Letters from Baghdad: #3
By Yanar Mohammed
[forwarded from SOWFI (Supporters of the Organization for Women's Freedom in Iraq)]
A Democracy of Killings and Bombings
Life in Baghdad in these days is nerve wracking. It is so hard to keep your sanity through one more night of bombing. The explosions, the machine guns all around your house at night, the many times you jump up and down because it feels as if the last gun shot came from your own bedroom.
Nobody deserves to live like this.
Al Jazeera tv bombards us with the numbers and scenes of those of us who are killed each day…the children who don’t have the slightest idea why they are dying … the women holding their heads unable to understand how their babies meant nothing to those
who bombed them in the last air raid.
Hundreds of families in Al Thawra city are unable to buy meat for their meals because they haven’t worked for many days now. All the shops are closed in their area because it happens that the “holy” Al-Mahdi Army chose their streets and their neighborhoods as a battlefield against the American occupiers. People have no income and definitely no prospects; the young men are recruited (by al-Sadr’s army) for a monthly salary of 200$. They have only one way of getting by; take a few magic capsules from this sheet…and the world will turn rosy as you are fighting to realize the will of God. “Capsuling”(or cabsala as they call it in Arabic) is a drug habit that has spread in Iraq over the last few years, only now it has become an epidemic addiction that the Al Mahdi Army thrives on. It turns thousands of young men into addicts of drugs, violence and fanaticism.
Military helicopters took to the skies around our buildings at dawn this morning after the machine guns went quiet. The beautiful skyline over the river was filled with black Apachee helicopters, flying so low you could see the drivers … and of course you could feel your heart beat in a way you are not familiar with. Fear takes so many forms in this city that a heart attack awaits you around the corner at any time during the day or night.
Ah well, we will not stop our work for any reason … While the Americans are facing their failures one after the other, we are still organizing people around our bright vision of freedom and equality until our day arrives. We were very determined in today’s discussions held in our Baghdad headquarters, the one on Al Rasheed street. Kassim Hadi, president of the Union of Unemployed, was confidently demonstrating his ambitious plan for the unemployed by starting up projects of job training for them. I tried to stay composed while the ground was shaking from some of the strongest explosions we’ve heard in quite some time. Kasim did not even blink and just went on speaking.
Through the window, a beautiful rivershore could be seen, beyond which the green zone, where the American headquarters and Interim government, is located. … This is where most of the mortar gunfire is aimed. On this ‘glorious’ day, American “democracy” was underway in Baghdad. All the groups that have made sure that American interests are being met, were included in the formation of the “National Assembly.” This was the assembly in which Americans intended to choose our representatives for us. It was said that half of the delegates did not even attend because they were too ashamed to be related to Americans in the same days that American troops were committing mass killings in many cities. And for those who didn’t care about this, the massive explosions scared them off… or it was impossible to reach to the location as half the streets of Baghdad were closed.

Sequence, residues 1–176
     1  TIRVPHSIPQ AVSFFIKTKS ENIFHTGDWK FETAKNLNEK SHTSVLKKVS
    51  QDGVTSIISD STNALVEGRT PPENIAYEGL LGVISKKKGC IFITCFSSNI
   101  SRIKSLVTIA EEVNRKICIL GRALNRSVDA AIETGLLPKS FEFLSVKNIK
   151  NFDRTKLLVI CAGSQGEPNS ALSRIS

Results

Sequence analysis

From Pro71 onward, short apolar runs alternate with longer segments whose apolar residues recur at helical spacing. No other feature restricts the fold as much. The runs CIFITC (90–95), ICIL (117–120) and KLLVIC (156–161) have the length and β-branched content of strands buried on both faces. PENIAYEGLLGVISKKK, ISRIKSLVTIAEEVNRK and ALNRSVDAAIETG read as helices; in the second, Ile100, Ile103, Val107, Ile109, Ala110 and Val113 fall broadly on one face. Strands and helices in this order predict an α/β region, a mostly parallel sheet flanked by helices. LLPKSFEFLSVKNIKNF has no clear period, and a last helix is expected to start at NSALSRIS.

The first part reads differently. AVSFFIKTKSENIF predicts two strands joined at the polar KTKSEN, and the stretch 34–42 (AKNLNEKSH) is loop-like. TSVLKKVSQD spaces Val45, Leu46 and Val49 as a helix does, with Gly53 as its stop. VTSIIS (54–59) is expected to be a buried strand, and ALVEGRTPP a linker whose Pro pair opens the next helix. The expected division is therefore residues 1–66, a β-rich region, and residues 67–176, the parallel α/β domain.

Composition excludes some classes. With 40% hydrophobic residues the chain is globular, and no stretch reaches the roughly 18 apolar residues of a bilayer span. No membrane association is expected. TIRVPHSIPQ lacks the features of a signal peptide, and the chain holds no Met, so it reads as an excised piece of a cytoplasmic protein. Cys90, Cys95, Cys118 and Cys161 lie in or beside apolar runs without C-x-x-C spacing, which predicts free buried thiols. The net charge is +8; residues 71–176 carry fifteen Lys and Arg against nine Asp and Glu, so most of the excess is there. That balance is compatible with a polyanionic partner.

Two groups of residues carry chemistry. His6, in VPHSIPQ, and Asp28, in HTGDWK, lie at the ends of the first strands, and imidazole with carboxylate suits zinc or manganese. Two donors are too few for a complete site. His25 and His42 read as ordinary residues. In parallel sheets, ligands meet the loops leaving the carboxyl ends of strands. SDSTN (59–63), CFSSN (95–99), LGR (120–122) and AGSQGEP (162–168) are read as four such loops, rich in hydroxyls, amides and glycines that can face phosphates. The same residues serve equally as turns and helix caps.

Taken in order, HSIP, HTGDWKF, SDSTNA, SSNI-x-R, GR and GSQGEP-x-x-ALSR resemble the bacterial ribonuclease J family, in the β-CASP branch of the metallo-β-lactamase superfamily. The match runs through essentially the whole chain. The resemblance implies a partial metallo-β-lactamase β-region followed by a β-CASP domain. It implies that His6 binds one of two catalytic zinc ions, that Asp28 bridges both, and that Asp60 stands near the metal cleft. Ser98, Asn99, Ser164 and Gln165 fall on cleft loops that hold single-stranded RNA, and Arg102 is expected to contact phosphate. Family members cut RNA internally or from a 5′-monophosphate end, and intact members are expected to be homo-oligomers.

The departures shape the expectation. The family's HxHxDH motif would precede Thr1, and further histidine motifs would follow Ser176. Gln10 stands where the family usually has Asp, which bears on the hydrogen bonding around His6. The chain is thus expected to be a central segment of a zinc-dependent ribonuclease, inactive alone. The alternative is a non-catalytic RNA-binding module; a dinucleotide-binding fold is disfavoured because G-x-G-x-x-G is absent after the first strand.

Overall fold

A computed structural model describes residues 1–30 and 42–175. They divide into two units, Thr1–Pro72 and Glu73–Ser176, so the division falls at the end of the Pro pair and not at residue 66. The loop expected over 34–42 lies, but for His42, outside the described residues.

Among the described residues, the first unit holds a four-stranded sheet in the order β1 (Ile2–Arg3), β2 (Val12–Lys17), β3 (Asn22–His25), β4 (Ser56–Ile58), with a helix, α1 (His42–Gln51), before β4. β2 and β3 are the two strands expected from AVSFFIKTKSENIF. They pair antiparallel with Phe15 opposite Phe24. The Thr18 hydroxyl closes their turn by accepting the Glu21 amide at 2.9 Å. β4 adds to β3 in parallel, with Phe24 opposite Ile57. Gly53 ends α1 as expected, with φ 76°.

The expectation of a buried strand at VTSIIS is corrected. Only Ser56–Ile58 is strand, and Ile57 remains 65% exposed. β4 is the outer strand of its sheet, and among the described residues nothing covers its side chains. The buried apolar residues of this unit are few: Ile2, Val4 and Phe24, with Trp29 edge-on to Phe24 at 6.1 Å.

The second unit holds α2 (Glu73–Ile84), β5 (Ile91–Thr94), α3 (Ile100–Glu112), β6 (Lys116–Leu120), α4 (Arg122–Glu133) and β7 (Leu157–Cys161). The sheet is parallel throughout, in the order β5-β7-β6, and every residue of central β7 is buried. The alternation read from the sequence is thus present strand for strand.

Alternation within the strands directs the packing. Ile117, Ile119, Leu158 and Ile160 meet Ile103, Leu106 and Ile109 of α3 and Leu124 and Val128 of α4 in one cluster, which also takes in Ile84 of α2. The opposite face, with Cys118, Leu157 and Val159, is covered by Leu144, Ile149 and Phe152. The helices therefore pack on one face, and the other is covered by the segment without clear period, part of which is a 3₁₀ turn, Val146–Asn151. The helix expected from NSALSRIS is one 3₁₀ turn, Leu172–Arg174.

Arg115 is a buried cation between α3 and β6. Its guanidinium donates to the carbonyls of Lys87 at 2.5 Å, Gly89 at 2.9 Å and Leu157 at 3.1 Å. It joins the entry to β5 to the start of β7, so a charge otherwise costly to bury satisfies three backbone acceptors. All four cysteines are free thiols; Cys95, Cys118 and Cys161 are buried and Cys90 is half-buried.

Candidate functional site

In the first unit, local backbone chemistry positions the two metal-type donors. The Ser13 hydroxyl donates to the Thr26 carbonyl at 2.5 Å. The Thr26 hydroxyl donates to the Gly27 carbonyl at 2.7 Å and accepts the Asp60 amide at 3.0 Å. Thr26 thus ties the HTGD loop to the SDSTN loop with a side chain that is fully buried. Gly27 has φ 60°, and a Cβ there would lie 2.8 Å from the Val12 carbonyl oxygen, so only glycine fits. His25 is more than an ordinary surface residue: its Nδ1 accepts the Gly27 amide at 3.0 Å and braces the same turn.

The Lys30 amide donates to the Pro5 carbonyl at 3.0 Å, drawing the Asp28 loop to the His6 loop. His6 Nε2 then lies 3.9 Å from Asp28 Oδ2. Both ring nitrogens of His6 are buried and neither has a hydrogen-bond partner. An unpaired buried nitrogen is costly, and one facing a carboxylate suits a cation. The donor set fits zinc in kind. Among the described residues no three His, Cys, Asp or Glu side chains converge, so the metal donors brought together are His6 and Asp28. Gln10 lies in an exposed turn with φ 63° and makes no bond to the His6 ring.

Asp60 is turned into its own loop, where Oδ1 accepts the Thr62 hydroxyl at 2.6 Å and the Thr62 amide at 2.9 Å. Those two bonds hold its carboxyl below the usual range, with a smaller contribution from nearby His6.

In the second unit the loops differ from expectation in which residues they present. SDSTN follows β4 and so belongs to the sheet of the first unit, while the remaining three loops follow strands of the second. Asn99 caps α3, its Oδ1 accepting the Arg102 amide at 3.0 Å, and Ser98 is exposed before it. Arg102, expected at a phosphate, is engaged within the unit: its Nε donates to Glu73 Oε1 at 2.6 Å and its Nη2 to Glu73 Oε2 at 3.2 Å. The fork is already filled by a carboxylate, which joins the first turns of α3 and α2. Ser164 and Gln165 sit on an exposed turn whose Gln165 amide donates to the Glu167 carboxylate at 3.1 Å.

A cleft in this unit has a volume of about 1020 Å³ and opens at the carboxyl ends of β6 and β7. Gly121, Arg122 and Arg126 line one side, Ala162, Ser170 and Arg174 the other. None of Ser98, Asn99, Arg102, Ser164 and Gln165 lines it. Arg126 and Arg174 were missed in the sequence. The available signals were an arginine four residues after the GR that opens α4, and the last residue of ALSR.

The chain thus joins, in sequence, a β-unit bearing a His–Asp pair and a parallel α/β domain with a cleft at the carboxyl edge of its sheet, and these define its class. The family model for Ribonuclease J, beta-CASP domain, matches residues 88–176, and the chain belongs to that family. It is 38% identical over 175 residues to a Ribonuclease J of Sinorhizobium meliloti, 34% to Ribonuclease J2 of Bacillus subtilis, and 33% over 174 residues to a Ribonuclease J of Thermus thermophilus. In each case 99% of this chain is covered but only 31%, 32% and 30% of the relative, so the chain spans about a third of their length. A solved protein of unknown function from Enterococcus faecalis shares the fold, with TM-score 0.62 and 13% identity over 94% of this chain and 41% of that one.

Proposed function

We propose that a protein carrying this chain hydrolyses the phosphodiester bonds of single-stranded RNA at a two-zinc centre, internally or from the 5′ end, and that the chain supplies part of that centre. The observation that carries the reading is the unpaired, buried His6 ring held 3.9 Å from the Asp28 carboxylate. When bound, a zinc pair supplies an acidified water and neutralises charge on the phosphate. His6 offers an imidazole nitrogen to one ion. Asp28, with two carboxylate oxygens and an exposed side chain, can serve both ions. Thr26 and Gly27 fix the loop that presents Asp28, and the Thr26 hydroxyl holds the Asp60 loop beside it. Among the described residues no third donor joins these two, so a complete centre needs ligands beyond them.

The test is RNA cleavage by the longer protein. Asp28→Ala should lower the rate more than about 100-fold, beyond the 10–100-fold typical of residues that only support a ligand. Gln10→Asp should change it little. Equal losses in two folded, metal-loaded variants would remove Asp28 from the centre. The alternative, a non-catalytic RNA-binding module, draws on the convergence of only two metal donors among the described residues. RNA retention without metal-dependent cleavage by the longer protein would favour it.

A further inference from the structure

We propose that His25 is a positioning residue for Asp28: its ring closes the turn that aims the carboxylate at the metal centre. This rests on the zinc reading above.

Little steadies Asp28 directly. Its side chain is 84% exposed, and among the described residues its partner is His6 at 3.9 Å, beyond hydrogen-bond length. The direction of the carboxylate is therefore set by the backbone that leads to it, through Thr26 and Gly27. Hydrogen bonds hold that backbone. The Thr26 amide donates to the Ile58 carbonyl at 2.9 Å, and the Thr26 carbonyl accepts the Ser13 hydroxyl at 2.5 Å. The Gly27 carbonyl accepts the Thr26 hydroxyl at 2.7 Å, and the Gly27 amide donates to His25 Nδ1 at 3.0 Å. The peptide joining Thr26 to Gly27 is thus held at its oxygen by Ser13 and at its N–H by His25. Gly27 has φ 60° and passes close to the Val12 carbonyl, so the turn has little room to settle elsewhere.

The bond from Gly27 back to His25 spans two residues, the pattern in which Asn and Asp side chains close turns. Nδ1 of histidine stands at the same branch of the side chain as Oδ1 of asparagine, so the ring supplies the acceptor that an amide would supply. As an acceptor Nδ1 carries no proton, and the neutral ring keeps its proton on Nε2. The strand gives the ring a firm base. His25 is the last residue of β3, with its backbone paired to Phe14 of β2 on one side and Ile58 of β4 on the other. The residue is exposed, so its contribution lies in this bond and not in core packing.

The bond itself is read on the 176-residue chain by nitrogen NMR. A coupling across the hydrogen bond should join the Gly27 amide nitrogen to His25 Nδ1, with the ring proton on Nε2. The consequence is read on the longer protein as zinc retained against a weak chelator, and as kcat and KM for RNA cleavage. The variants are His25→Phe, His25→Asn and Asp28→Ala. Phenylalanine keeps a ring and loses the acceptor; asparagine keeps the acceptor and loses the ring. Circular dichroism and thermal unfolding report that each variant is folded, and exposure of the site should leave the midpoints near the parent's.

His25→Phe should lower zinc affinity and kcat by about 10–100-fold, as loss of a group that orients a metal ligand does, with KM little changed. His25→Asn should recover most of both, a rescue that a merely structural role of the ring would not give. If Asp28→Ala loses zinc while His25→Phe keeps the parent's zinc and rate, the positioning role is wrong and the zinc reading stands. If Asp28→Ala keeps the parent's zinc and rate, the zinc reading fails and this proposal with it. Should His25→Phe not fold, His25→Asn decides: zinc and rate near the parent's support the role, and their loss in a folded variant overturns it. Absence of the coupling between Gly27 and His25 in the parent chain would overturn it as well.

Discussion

Some small parts of the day still felt good though: Lina has developed a passion for activism of young women’s rights. She insisted that she must talk and plan with me before she joins her first youth conference. Zainab and Fulla have both thrown the veil off and are working with us. It feels as if they have thrown away their frowns along with the veil. Zainab’s beautiful green eyes glowed with joy while she admitted people into the building to come to our meeting. I had no idea that her hair was this shiny and that her quiet beauty … this radiant. Fula our youngest and most athletic girl in OWFI was laughing outloud in the kitchen while she helped one of our young security guards who also works as a cook to prepare our lunch. The first moment I got a glimpse of her after a few months of being away, I was amazed at how much she’d changed. Ammar, one of our toughest guards was feeding his cat. I was surprised to see how spoiled that cat was in a situation where our guards barely have enough to eat and sleep on very thin mattresses if any. He got this cat when we first moved to this street 15 months ago. Initially, he named his cat Jheel (an Arab tribal name). After gaining some political awareness in a couple of months, he changed the name to Bremer because Bremer has become known as the fat cat.
After a whole day of bombs pounding the entire area, and us running around in the deserted streets and reaching home to lock the doors behind us; it was time to watch some tv. The person in charge of the national assembly came on tv to give us his speech. If there is one thing these American puppets have learned well from their masters: it is the art of LYING. #8220;…We achieved a great success today. The democratic process in on the way. Although some of our friends were unable to attend for their own personal reasons, still, it all went well and eventually everyone will be represented in Iraq.” We all just stared at each other in disgust and wondered what he meant by this word ‘everyone’. As far as we knew, none of the serious activists or politicians who work towards ending deprivation and discrimination were even invited to this assembly in the first place.
Baghdad August 15, 2004